Reviewed by David Kinzer
Miss Julia is the protagonist of a series of popular novels, a Southern widow of considerable wealth, relative age, and the Presbyterian persuasion. She doesn’t solve mysteries so much as become embroiled in the chaotic events of her neighbors’ lives. Her latest adventure is documented in Miss Julia to the Rescue.
David Kinzer is your reviewer. He’s a 22 year-old Jewish male from south-eastern Michigan, about as far away from what he assumes to be the target audience for this series as possible.
That’s not to give the impression that he expected to dislike Miss Julia to the Rescue. Like most, he loves a good mystery. Plus, a review by Paul H. Yarbrough of this publication recommends the Miss Julia series, even taunting that “If you haven’t read any of Ann Ross’s Miss Julia series you have missed a clever protagonist and delightful character with whom you could have become quite close.”
Perhaps if your reviewer started off with the book Yarbrough read, Miss Julia Rocks the Cradle, he’d have come to the same positive opinion of the Miss Julia series. Especially in the first fifty or so pages, Miss Julia to the Rescue progresses at an enjoyable, leisurely pace. Miss Julia’s husband, Sam, goes on a church trip to “The Holy Land”—that it’s referred to exclusively as such is a nice detail and hints at the rewards which Ross’s precise sense of place has to offer—leaving Miss Julia to busy herself by remodeling her house.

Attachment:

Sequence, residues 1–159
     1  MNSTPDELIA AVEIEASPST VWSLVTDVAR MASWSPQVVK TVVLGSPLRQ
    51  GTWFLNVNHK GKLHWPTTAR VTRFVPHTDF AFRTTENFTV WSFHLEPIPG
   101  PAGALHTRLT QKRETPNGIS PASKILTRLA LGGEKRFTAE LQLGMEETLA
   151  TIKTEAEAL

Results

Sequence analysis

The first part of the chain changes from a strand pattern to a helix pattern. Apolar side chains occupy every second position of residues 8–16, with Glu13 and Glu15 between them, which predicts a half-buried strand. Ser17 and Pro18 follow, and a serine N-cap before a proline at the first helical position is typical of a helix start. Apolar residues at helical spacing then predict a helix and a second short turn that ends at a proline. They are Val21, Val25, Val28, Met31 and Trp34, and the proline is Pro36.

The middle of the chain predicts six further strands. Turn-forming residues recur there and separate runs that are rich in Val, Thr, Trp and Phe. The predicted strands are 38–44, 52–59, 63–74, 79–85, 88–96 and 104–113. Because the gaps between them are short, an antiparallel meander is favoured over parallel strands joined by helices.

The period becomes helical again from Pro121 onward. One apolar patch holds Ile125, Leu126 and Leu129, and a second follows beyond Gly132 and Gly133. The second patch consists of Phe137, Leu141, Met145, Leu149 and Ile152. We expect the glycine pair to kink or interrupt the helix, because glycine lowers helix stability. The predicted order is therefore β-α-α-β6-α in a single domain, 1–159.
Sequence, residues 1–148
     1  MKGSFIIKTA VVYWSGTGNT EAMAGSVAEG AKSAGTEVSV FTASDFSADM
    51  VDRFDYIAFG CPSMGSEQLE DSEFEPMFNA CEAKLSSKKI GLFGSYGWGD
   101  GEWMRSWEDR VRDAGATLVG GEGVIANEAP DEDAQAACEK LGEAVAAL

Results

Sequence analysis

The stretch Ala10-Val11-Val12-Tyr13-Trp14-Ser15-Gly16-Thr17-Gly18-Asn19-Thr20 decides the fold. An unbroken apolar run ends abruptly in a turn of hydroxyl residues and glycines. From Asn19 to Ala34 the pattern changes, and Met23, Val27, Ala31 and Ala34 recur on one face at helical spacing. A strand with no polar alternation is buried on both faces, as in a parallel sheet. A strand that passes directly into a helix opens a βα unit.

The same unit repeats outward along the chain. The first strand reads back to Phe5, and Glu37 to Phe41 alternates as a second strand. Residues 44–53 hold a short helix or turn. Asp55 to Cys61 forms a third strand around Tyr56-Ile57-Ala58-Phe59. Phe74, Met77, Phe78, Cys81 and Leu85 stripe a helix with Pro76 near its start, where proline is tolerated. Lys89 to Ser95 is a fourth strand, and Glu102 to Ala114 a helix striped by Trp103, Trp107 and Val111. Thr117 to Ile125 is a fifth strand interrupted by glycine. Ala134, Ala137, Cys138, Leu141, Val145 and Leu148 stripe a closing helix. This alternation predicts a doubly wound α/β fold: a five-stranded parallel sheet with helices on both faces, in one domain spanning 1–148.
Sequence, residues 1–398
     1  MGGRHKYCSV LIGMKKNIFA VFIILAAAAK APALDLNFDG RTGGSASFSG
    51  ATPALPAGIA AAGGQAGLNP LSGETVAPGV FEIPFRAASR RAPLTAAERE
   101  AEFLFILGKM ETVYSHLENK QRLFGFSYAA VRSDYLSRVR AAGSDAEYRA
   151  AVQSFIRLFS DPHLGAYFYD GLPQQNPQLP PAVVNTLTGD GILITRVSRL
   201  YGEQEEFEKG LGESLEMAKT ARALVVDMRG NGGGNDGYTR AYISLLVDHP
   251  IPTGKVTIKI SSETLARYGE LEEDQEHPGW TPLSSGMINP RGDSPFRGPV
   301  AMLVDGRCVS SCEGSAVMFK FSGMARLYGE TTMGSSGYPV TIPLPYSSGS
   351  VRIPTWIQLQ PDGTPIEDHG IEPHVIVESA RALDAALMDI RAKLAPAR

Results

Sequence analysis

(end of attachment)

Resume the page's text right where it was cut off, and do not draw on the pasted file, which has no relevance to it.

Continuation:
The primary mystery is suitably intriguing as well, a barely audible phone call from family friend and private detective J.D. Pickens, who asks for help before getting kicked off the line by a threatening voice. The book slows when Miss Julia drives off to West Virginia to investigate J.D’s disappearance with her friend, Hazel Marie. Since Miss Julia insists that Hazel Marie bring a disguise, it should be clear to readers how they’re going to solve their dilemma and get Mr. Pickens released; unfortunately, it takes days for the characters to realize it.
But the real problem with the book has little to do with how undercooked the suspense elements are. Ross is less concerned with this narrative, which is ultimately abandoned in the novel’s second half, than with her theme, religion. It’s a touch heavy for a book whose most successful portions investigate the best ways to compliment blush bathroom tiles, but Ross’s worldview is expressed with off-putting coherency.
As Miss Julia summarizes at the end of the novel, there are two religious groups she meets over the course of the novel whose views clash with her own and whose legitimacy she immediately, vehemently rejects. The first is an evangelical Christian denomination, the ominously generic-sounding “Church of God,” which uses a snake as a prop during their service, to the disgust of Miss Julia and Hazel Marie. Their visit to the Church is only a brief episode and ultimately unimportant to the plot, but it is returned to numerous times over the course of the book, taking a place of prominence that only makes sense if the reader is a committed ophidiophobe.